Sen. Dick Durbin: Journalists Deserve Protection But We'll Decide Who's Actually A Journalist
from the trade-your-laptop-in-for-a-notepad-for-extra-journo-cred dept
Illinois Senator Dick Durbin has penned an editorial for the Chicago Sun-Times in which he argues that journalists need some form of government-granted protection, but that the government should decide who is a real journalist and who isn’t.
As he points out, there is currently no national “shield” law that protects journalists and their sources, although a bill along those lines is slowly making its way through the system. Durbin seems to feel a great many people should be excluded from this protection, though — possibly for no other reason than the platform used.
The media informs the public and holds government accountable. Journalists should have reasonable legal protections to do their important work. But not every blogger, tweeter or Facebook user is a “journalist.” While social media allows tens of millions of people to share information publicly, it does not entitle them to special legal protections to ignore requests for documents or information from grand juries, judges or other law enforcement personnel.
There’s your new have-nots, if Durbin’s deciding. Here’s the list of who Durbin feels actually deserves the “journalist” label and its associated protections.
A journalist gathers information for a media outlet that disseminates the information through a broadly defined “medium” — including newspaper, nonfiction book, wire service, magazine, news website, television, radio or motion picture — for public use. This broad definition covers every form of legitimate journalism.
The internet: illegitimate journalism. Journalism isn’t a static object with a single definition, it’s something people do, with or without the title, and the dissemination of these endeavors spans many platforms. While there are a lot of old school journalism outlets listed, Durbin also includes “news website,” which covers a whole lot of gray area (Buzzfeed? TMZ? Vice?). Without further details, it would appear a “news website” will probably have to be anchored by one of the other “time-honored” journalism outlets.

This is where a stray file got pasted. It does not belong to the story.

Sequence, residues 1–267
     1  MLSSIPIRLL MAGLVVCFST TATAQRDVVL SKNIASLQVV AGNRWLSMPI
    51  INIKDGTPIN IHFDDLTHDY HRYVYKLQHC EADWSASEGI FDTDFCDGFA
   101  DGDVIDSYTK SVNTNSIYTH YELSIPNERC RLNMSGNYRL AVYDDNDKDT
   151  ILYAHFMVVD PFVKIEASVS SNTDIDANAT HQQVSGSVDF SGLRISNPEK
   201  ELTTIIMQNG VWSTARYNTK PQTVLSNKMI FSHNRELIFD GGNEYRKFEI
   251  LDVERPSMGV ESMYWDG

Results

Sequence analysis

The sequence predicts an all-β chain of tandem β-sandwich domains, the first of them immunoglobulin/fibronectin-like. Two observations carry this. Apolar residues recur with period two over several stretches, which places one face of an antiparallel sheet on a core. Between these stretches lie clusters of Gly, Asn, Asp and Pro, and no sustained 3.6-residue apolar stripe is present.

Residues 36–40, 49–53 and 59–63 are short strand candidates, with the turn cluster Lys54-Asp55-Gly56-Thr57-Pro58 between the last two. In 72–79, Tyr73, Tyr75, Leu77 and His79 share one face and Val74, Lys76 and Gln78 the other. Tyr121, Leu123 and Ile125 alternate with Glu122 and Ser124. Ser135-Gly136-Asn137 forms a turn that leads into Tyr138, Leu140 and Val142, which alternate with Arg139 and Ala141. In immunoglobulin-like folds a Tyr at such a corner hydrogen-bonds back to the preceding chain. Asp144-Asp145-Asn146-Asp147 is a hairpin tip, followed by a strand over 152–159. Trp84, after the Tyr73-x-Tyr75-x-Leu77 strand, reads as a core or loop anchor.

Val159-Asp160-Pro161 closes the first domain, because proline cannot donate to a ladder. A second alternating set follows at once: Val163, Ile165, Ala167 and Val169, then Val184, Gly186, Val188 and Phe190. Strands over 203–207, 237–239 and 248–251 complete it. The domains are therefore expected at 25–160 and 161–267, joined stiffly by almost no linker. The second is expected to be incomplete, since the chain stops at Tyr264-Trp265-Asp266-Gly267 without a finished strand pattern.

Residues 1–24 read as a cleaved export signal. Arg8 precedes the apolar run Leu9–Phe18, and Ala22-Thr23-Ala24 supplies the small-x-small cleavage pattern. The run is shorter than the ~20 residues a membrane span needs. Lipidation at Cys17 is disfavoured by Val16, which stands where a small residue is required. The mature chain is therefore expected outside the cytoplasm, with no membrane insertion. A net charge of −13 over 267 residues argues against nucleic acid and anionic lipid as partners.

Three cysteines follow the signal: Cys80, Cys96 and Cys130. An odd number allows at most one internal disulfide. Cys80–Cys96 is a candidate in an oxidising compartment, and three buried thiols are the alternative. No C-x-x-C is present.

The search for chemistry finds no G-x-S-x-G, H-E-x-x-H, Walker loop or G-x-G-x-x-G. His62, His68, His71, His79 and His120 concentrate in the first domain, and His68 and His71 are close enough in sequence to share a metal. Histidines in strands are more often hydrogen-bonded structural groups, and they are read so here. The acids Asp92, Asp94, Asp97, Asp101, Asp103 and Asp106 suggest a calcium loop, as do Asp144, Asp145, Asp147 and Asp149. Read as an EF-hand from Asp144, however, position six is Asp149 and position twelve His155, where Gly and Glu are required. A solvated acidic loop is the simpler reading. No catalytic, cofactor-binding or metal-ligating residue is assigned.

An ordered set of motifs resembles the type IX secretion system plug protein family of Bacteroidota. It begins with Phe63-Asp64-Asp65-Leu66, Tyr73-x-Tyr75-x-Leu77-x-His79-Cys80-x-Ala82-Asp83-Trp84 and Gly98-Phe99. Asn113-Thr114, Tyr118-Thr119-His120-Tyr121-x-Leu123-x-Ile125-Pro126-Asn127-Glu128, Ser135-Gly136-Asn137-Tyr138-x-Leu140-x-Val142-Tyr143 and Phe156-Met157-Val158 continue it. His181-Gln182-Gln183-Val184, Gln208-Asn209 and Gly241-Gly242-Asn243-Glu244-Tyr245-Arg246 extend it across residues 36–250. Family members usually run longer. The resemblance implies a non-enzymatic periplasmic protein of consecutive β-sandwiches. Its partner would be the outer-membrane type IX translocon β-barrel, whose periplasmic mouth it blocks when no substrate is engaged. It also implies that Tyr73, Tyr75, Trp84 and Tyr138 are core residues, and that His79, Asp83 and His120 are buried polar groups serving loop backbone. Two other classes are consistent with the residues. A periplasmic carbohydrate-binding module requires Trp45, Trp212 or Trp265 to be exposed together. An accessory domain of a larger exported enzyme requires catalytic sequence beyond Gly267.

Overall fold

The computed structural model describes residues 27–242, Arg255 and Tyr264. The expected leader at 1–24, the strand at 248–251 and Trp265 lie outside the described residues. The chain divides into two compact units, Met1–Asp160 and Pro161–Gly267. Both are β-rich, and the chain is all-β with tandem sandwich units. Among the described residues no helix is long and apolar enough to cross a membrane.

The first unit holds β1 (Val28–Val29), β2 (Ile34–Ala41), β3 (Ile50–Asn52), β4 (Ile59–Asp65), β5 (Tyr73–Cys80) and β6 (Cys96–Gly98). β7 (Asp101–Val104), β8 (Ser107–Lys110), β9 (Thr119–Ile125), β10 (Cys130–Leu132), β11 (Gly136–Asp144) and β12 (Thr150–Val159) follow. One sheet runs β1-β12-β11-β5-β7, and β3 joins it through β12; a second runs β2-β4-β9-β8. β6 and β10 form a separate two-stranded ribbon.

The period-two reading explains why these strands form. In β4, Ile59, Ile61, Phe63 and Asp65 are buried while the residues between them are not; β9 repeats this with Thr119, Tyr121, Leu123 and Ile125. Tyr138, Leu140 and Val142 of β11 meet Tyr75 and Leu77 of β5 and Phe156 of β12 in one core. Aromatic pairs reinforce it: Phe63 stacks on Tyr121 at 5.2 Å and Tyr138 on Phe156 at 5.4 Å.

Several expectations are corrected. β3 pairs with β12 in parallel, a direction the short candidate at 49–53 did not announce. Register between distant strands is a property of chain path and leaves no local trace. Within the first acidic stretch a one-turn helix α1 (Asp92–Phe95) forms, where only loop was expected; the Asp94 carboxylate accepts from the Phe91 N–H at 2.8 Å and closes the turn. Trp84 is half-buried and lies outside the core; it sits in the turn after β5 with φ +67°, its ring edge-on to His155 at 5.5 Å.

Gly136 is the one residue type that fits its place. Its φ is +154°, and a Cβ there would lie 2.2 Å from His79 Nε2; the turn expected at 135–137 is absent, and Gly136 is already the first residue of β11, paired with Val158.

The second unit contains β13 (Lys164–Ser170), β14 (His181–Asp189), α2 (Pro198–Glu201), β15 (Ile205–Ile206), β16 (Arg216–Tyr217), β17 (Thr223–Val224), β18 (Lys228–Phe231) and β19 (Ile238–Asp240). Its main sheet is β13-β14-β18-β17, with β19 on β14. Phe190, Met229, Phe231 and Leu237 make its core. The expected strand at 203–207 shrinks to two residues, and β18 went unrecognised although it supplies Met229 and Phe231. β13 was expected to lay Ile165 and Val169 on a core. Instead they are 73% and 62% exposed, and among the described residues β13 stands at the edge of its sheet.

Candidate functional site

If a newspaper journalist writes a blog on the side or maintains a Twitter account, are those sidelines protected because of his or her position, or is it only what appears on the printed page/associated news website? Or conversely, if someone’s journalism efforts are mainly relegated to platforms not covered by Durbin’s list but occasionally contribute to “legitimate journalism,” does that cover the non-associated online work as well? No matter how these instances play out, “journalism” is being defined by media form rather than by the activity itself. While the government should recognize freedom of the press and grant protection to journalists, it becomes problematic when the definition is narrowed to pre-existing forms that don’t truly reflect journalism as it exists today.
Durbin says that those who think the government shouldn’t be able to define journalism need to be reminded that 49 states already do just that. That doesn’t make these definitions better or more acceptable and certainly shouldn’t be taken as some sort of tacit permission for the federal government to define what media forms it will protect and which it won’t.
He goes on to cite recent events as evidence this protection is needed.
The leaks of classified information about the NSA’s surveillance operations and an ongoing Justice Department investigation into who disclosed secret documents to the Associated Press have brought this issue back to the forefront and raised important questions about the freedom of speech, freedom of the press and how our nation defines journalism.
Journalists should certainly be shielded from those who think they should be prosecuted for exposing leaked documents. But this administration isn’t interested in protecting whistleblowers and, if it wasn’t running up against existing “freedom of the press protections,” would probably be punishing journalists as well. Allowing the government to pick and choose who is protected will likely result in a large number of unprotected journalists, thanks to an inadequate definition. And even this additional protection is unlikely to prevent entities like the DOJ from violating the Fourth Amendment in a search for sources and whistleblowers. If you’re already violating civil liberties, breaking a law isn’t much of a concern.